“My life needs editing.” – Mort Sahl, Canadian-born American comedian and actor
“I always thought you were a good writer.”
“Thanks,” I replied, “but I’ll tell you a little story.”
My buddy leaned forward a little on his elbows.
“Years ago, I had an editor, whom I respected greatly, tell me I was a good writer.”
“There you go,” responded my friend, picking up his coffee cup. “Proof positive.”
“Ah, but,” I cautioned, “being called a good writer is isn’t necessarily a compliment.”
As pointed out by my editor, the world is filled with good writers. They are, essentially, a dime a dozen. The goal should be to become a great writer. Admittedly, I’m not yet a great writer, but I am striving to become better with each word and every paragraph I write.
To improve at anything, we must work hard (and smart) and hold ourselves accountable. Some of us can do that, some can’t. A good editor will always hold his or her charge accountable. A good writer, working hard to become great, would expect and demand nothing less.
Whether our goal is great writing or a great life, many of us trip over the same thing: our ego. Here, I’m referring to the ego as a self-important jumble of beliefs, misinterpretations, wants, needs, aches, and fears that falsely define how we see ourselves. I can still recall the time my fragile ego took a direct hit in the presence of a writer with far greater skill than me.
After enjoying moderate success with my writing, I had the good fortune of meeting a successful and highly regarded editor. I felt somewhat – perhaps overly – confident in my ability to put words comprehensively on paper so eagerly offered up some samples of my writing. When the editor came back with suggestions, my first thought was to reject them outright or challenge each assertion. After all, to accept the critique would require acknowledgement that I didn’t know as much as I thought. My delicate ego-self was not up to the scrutiny.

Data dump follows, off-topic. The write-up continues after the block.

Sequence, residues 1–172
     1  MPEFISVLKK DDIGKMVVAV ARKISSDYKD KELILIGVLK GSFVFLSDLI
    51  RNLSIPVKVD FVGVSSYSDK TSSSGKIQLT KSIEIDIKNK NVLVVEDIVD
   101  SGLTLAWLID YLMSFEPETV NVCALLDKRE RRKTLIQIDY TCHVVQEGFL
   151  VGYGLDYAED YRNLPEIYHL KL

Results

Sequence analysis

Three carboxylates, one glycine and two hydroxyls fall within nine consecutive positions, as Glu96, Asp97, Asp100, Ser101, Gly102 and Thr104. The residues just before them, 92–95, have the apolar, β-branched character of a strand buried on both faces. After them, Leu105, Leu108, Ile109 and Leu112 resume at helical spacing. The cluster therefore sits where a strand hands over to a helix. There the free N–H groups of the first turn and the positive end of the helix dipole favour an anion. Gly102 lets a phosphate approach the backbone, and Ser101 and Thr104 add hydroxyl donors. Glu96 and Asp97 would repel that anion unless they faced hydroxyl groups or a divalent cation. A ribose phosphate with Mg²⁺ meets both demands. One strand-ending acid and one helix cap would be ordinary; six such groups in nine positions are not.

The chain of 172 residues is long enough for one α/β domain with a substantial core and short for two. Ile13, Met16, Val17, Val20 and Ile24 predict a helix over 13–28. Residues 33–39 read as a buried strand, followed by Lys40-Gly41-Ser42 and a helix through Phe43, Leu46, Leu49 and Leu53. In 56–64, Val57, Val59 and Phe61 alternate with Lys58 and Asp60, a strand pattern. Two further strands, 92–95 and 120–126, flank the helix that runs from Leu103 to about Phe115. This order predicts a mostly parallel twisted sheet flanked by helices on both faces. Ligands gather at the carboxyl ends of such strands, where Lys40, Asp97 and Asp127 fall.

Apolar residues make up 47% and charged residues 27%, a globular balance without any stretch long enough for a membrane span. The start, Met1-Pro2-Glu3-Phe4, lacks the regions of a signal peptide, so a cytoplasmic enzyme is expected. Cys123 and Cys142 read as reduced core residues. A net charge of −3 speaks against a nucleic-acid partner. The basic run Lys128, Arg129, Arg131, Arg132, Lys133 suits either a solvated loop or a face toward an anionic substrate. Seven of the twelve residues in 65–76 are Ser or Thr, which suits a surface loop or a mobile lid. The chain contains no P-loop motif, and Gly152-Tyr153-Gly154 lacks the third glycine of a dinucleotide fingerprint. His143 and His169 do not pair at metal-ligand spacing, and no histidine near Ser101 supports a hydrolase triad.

When it comes to your life, is your ego up to the scrutiny? Are you willing to admit that you might now know as much as you thought? That’s a big step for most people. Is so, then you might want consider engaging the services of another type of editor – a life coach.
Many dedicated people have chosen life coach as a career path and taken the extensive training and study needed to do the job well. These individuals – these “life editors” – can help you with new tools and techniques for successful living. If it’s too big of a stretch to go straight to a life coach, consider approaching someone in your community whom you admire – someone who actively demonstrates the qualities you admire and would like to possess.
Just as a professional editor will look first for glaring mistakes in your work, a life coach will help you to unearth problem areas and actions that have damaged your life, your relationships and self-esteem. Examples could be setting healthy boundaries, managing expectations, effective communication – anything that stands in the way of successful living.
I think the words of American author and editor Tobias Wolff apply equally well to writing and self-esteem. “I try to help people become the best possible editors of their own work to help them become conscious of the things they do well, of the things they need to look at again, of the wells of material they have not even begun to dip their buckets into.”
And of course, there will always be those who prefer the current version of themselves. We must each choose our own path and decide whether to edit or accept the first draft.